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  • In the world of professional wrestling, there's something called a "Swerve."

  • ANNOUNCER: "HULK HOGAN HAS BETRAYED WCW!"

  • Some examples: These tag team partners are called "Baby-faces", or the good guys.

  • Then one of them swerves, when he super-kicks his tag-team partner in the head, quickly

  • assuming the role of the bad guy, or what the wrestling world calls the "heel".

  • ANNOUNCER: "ARE YOU KIDDING?

  • WHAT A DISPICABLE ACT THAT WAS!"

  • Or a match is almost lost, whenwhat's that?

  • The superstar wrestler appears out of nowhere sprinting down the aisle to save the match.

  • ANNOUNCER: "THAT'S THE WARRIOR'S MUSIC!

  • IT'S THE ULTIMATE WARRIOR!"

  • That's a swerve.

  • So it should go as no surprise that World Wrestling Entertainment, known as the WWE,

  • the most popular brand of sports entertainment in the world is prepared for any swerves that

  • come their way.

  • So here's the story of how the WWE learned to see the swerve coming.

  • So I spoke to Bloomberg reporters Felix Gillette...

  • Gillette: I'm a writer for Bloomberg News for the global business team.

  • and Kim Bhasin

  • Bhasin: And I'm the U.S. luxury reporter at Bloomberg.

  • To find out exactly how the WWE is positioning itself for an all-out global invasion.

  • Which starts with a massive change to their lucrative pay-per-view model.

  • Gillette: WWE basically pioneered the pay-per-view model on cable.

  • I remember as a kid when the pay-per-view events came up all of our friends would scramble

  • around and try and get one of the parents to, to pay for it.

  • But in 2014, they took a HUGE risk.

  • Gillette: They saw a little bit sooner than some of the other entertainment brands that

  • where this whole thing was moving was away from cable and satellite television, and towards

  • on demand streaming video apps.

  • Gillette: They made this risky decision in essence cannibalizing that pay-per-view model,

  • which they had essentially built.

  • And after some early turbulence it's working.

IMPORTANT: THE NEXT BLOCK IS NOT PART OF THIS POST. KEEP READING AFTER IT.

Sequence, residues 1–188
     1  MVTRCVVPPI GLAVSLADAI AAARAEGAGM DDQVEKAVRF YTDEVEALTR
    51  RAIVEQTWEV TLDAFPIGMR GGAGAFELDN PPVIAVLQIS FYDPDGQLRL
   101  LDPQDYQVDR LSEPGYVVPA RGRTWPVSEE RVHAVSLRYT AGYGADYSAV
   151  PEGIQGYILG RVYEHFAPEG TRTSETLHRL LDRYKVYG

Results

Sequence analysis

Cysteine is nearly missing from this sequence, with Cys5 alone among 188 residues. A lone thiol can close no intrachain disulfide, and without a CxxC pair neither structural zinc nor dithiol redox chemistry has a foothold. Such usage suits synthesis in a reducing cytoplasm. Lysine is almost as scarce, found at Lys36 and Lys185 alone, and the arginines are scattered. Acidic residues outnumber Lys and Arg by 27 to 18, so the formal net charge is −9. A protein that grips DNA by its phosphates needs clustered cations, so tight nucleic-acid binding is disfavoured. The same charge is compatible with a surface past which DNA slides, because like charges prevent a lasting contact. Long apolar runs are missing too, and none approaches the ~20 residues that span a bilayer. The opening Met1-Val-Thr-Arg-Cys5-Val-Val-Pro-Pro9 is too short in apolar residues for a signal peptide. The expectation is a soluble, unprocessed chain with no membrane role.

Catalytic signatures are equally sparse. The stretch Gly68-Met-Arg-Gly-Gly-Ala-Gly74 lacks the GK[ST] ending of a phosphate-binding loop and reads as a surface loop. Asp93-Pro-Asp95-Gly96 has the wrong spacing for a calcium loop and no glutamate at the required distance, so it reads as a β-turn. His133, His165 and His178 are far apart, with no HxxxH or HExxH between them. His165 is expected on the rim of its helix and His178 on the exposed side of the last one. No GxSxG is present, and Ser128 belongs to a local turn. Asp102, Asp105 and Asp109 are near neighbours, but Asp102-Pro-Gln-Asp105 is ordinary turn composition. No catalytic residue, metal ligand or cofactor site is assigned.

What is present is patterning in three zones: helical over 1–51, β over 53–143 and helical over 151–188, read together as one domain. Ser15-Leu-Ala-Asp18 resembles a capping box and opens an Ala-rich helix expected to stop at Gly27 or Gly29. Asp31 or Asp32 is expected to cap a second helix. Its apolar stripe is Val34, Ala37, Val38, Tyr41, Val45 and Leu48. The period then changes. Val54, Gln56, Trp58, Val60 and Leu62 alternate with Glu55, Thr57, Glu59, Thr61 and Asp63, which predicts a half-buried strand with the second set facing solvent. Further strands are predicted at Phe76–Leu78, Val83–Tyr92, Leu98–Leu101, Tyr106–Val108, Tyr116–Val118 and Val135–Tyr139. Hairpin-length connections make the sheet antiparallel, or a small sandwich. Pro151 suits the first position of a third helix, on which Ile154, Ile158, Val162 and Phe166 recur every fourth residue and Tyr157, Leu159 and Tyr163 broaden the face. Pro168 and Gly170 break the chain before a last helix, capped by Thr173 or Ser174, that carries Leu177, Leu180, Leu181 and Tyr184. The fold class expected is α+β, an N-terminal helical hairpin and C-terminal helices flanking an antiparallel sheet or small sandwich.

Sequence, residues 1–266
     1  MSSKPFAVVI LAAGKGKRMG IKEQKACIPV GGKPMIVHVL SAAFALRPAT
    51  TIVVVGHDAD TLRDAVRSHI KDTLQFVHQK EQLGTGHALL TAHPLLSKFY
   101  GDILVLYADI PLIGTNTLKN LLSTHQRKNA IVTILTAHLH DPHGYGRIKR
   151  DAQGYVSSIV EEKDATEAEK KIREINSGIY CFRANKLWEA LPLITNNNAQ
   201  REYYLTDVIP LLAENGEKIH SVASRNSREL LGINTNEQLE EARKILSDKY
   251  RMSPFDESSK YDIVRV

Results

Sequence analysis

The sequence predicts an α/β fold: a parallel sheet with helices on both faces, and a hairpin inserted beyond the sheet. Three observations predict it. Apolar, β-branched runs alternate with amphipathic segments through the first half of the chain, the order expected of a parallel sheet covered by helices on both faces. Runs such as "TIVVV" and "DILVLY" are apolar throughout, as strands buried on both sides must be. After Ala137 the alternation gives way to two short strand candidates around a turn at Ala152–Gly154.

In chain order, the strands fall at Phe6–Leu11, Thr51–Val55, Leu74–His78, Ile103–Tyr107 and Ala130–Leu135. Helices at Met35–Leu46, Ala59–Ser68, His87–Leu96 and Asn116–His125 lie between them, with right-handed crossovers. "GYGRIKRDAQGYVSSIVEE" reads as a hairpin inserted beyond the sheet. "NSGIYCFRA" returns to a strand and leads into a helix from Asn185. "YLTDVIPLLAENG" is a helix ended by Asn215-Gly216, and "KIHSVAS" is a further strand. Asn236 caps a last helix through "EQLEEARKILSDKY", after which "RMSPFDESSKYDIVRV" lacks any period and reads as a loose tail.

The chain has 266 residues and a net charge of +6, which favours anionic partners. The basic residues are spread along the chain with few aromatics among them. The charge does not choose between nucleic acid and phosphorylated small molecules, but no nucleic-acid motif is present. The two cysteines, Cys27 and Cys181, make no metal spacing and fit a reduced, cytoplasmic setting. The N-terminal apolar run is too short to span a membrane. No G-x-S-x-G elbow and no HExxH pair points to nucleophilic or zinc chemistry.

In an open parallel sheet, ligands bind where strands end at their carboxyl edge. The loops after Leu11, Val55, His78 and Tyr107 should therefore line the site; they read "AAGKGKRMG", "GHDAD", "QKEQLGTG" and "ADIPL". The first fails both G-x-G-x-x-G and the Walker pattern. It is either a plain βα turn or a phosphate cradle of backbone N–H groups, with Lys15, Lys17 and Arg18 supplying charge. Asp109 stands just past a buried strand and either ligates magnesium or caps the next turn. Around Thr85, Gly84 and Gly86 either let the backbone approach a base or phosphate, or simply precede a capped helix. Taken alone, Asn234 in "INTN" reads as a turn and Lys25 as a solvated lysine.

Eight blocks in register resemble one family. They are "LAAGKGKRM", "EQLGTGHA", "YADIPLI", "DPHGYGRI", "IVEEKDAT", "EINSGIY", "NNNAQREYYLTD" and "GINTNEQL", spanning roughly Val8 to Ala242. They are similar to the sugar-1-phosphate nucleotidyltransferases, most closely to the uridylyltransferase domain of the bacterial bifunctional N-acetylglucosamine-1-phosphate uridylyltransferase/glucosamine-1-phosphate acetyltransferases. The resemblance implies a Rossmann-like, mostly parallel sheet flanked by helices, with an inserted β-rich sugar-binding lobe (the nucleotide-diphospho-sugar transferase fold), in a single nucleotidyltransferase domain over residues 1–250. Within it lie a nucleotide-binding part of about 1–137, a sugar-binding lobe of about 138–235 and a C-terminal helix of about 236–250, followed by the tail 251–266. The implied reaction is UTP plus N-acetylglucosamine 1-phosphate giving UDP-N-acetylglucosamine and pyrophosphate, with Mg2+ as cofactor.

• Roughly 1.5 million people are paying a $9.99 a month

  • for the WWE app, making it the fifth-most popular streaming OTT service.

  • This "adapt or die" approach is in the WWE's DNA.

  • Over the past 30 years the company always seems to think two steps ahead.

  • In the early 90s…

  • Bhasin: WWE was at its most threatened when Ted Turner took them on with WCW

  • Which stands for World Championship Wrestling.

  • And back then, the WCW was winning the ratings war.

  • So in order to compete with them

  • Bhasin: WWE had changed its product from a family-friendly

  • kind of cartoonish style to this really raw,

  • that's why they called their show RAW.

  • It was this raw style of wrestling.

  • with violent, outrageous reality inspired plotlines and aggressive personas.

  • ANNOUNCER: "FROM A 16 FOOT LADDER!"

  • Bhasin: And they won that fight against Ted Turner.

  • And they bought WCW.

  • The early 2000s ushered in an era of testosterone-driven programming aimed at

  • the red-blooded American male

  • Bhasin: Bra and panties matches and people smashing each other over the head with like

  • barbed wire bats and things like that.

  • Until 2015 when WWE fans started a hashtag #GiveDivasAChance.

  • Since then, WWE hired 40 more female wrestlers.

  • And that growing cast of female characters was part of a much larger plan.

  • Bhasin: They started to try to appeal to a broader set of people.

  • Gillette: Let's attract more female fans.

  • And after we've attracted more female fans, let's attract more international fans

  • They're broadening their base and they're doing that in large part to make it

  • more advertiser friendly.

  • And not just friendly to advertisers

  • Gillette: They're trying to build up their fan base in China, they're trying to build

  • up their fan base in Europe, they you know already have a pretty good fan base in India.

  • Bhasin: India is a place where they already have an established wrestling culture.

  • Because of the gigantic Indian wrestler The Great Kali.

  • But there's still a lot of work to do.

  • While the WWE set a revenue record in 2017, only 30% of it is coming from overseas audience.

  • And there's one person whose responsibility is to grow that number.

  • Bhasin: The buck eventually stops at Vince McMahon no matter what's happening within

  • WWE.

  • Gillette: Yeah, he's a very controlling guy, and it's a very, very, very tightly scripted

  • company.

  • Bhasin: And that goes down the board to big stars' entrance music,

  • and their outfits and things like that.

  • So with a CEO like McMahon always planning two moves ahead

  • and an aggressive push into multiple international markets, a big issue... is money.

  • Gillette: It's hard to do all those things simultaneously without committing a huge amount

  • of capital to it.

  • And that's where the WWE becomes an attractive company for buyers.

  • Gillette: Potentially one thing that could happen with WWE is they could benefit by being

  • acquired by a bigger technology or telecom company.

  • An Amazon, or a Facebook, or a 21st Century Fox.

  • So with a market cap of $2.8 billion, the advantage of owning 100% of their own content,

  • and a rapid consolidation spreading throughout the entertainment industry, it looks like

  • the WWE is well positioned, even if there are swerves ahead.

In the world of professional wrestling, there's something called a "Swerve."

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プロレスはいつからこんなに儲かるようになったのか? (When Did Pro Wrestling Become So Profitable?)

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    林宜悉 に公開 2021 年 01 月 14 日
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